Did you find yourself shaking your head in agreement?  Yep, I totally get it and am right there with ya, girl!  It is a HARD time of the year, but you don't have to be counting down the hour, days until the break.  I have an easy activity that will help your students stay on track and save your Teacher-in-December sanity.  

How, might you ask?  

It is a super duper easy activity that I call Santa's Little Helper and requires little prep on your part (Hallelujah).  

I love to begin this activity when we return from Thanksgiving break.  They are hyped up from a few days off and utterly excited to start their countdown to Christmas.

Below is how I use this in my classroom.  I like to keep it simple because this time of year is stressful enough without adding any extra stress to my plate (I need HELP, not extra work). 

  • Print off the letter from your classroom elf.  I have left a space in the message for you to name your elf.  Now, I know you might be thinking, "Just great, exactly what I want to do, go out and buy an elf."  No worries!!!  You do not have to buy an elf.  When I began this fun project 17 years ago, I did not have an elf that my class could see (and honestly I think it works well, maybe even better depending on the year).  
  • I leave the elf coloring page (found in your packet) and a candy cane on their desk for them to color after I read the letter.  Once I read the letter, I tell them just like Santa; they cannot see our classroom elf.  They never know when he is watching. 
  • During the next few weeks, I keep an eye out for students making good choices.  When this happens, I place a certificate and a candy cane on their desk (when they are not in the classroom).  I try to change up the time that the elf leaves his surprise.  It helps to keep them on their toes. 
I hope your students enjoy this activity as much as mine.

You can grab your copy of Santa's Little Helper HERE


A group of teacher-authors has come together wanting to give back to our sweet followers.  Each blogger has a chance for their readers to win $25.00 gift cards.  You can enter for a chance to win a $25.00 TpT gift card below.    I will announce the winner on December 4th.  Don't forget to check out the other fabulous bloggers below for your chance to win other amazing gift cards (by clicking on the little blue frog).  Good luck!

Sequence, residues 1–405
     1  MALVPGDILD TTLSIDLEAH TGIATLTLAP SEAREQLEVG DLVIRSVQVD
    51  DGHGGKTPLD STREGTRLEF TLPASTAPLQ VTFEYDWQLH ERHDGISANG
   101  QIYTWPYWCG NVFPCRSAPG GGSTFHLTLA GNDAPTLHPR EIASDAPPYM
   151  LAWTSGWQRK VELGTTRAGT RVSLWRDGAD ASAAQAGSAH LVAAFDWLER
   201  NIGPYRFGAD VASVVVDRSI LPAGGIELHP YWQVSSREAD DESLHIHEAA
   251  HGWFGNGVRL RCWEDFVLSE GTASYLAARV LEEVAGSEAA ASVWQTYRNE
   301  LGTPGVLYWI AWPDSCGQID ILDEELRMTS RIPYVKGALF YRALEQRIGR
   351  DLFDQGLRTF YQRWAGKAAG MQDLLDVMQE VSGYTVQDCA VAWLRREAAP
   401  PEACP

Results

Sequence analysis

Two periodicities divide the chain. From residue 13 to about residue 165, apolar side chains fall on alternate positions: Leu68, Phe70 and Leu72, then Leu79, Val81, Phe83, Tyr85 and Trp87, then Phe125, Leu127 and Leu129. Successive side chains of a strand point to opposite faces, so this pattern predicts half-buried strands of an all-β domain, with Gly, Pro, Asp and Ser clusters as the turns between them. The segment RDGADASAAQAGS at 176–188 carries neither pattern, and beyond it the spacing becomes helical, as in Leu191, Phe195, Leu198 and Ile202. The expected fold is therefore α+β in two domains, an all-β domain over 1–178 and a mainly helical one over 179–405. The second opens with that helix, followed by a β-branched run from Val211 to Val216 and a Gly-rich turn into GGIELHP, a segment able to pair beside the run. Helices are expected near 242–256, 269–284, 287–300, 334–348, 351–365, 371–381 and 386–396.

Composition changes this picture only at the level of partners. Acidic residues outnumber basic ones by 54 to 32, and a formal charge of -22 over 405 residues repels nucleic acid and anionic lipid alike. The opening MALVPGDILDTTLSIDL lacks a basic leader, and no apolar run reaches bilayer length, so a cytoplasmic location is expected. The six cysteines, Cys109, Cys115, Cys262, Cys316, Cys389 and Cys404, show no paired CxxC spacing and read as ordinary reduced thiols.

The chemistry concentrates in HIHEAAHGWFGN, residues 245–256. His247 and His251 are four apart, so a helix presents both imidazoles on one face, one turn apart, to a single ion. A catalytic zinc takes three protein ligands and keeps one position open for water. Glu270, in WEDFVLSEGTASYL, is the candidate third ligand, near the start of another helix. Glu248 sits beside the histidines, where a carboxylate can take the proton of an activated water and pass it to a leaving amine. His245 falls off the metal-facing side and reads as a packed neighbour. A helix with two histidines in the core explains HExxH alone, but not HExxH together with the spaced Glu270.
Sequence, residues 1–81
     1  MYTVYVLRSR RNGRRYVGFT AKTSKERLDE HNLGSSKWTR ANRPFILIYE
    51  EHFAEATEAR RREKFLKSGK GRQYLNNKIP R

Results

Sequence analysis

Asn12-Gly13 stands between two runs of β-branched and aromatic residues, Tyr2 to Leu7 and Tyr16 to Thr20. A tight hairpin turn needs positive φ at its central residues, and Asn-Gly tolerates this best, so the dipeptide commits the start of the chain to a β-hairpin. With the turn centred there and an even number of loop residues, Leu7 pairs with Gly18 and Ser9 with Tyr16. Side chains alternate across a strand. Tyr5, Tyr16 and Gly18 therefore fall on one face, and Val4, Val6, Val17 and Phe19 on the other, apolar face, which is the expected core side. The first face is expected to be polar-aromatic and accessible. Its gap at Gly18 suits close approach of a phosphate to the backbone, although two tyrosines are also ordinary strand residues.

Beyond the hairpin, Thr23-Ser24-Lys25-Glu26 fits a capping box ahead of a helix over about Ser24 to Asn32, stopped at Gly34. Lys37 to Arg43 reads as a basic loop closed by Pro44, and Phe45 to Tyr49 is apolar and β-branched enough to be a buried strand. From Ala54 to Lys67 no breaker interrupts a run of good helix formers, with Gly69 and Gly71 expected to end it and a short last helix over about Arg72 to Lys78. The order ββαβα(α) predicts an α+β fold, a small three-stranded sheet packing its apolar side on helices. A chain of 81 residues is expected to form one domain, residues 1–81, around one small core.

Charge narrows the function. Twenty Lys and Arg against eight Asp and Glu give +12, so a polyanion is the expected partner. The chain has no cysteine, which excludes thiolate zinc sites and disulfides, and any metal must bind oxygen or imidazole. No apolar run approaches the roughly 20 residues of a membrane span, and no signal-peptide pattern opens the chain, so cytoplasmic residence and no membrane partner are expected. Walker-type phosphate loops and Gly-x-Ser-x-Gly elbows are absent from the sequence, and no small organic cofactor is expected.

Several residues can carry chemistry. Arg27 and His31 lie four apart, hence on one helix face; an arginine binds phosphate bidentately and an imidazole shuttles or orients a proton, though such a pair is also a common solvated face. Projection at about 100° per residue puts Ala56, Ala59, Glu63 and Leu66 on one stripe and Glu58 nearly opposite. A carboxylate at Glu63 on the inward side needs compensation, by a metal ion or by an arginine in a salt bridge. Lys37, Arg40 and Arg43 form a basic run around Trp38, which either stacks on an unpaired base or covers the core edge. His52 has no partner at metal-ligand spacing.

a Rafflecopter giveaway




Blessings,


Sunday, October 2, 2016

Literacy Stations: Part 2



Hi, guys!  I hope everyone had a fabulous week and were able to rest this weekend.  I just wrapped up the first six weeks.  Time has gone by fast.  Next week, I will release the reins for students to complete stations independently.  I look forward to spending time listening to my students read in a small group.

I want to share with you how I use each station.  My goal is you will find at least one tip to use in your classroom.


Station 1: Read to Self

Read to self is the first station I introduce to students.  We practice, practice, practice.  During read to self, they may not talk, get up or play.  If they break any of the expectations, we try again.  It takes time, but it is worth it in the end.


How do students store their reading books?
Each student has their own book box.

How many books do they keep in their box?
Students keep five books in their box.

How often do students trade out their books?
They trade out books once a week.

How do students choose their books?
Students choose their books from our book bins.



Station 2: Work with Words

Working with words gives students an opportunity to practice their new learning .  I introduce the phonics skill of the week on Monday.


How do you decide what skill to practice? 
I follow our scope and sequence for the district. The first few weeks, we worked on CVC words, word families and rhyming.

How often does this center change?
The words for the week change on Monday.  At this time, they are given four different options to practice their words.  We will gradually increase to more options.  



Station 3: Listen to Reading

This station is initially practiced, as a whole group. Students have a hard time figuring out where to press start and how to turn on the cd player. My, how technology has advanced.


What do you use in this station?
I have three CD players for students to use with headphones.  

What do students do after they listen to the story?
I have them complete a reflection page.  They write the title, draw a picture of their favorite part and write one sentence.  Later in the year, they will write the beginning, middle, and end of the story.



Station 4: Work on Writing

The options are endless for this station.  Sometimes it is something as simple as labeling a picture. There are also students who are able to write stories.


What do you place in your writing station?
I have used many things.  There have been years where it was as simple as a journal with blank handwriting pages. I have also used monthly journals.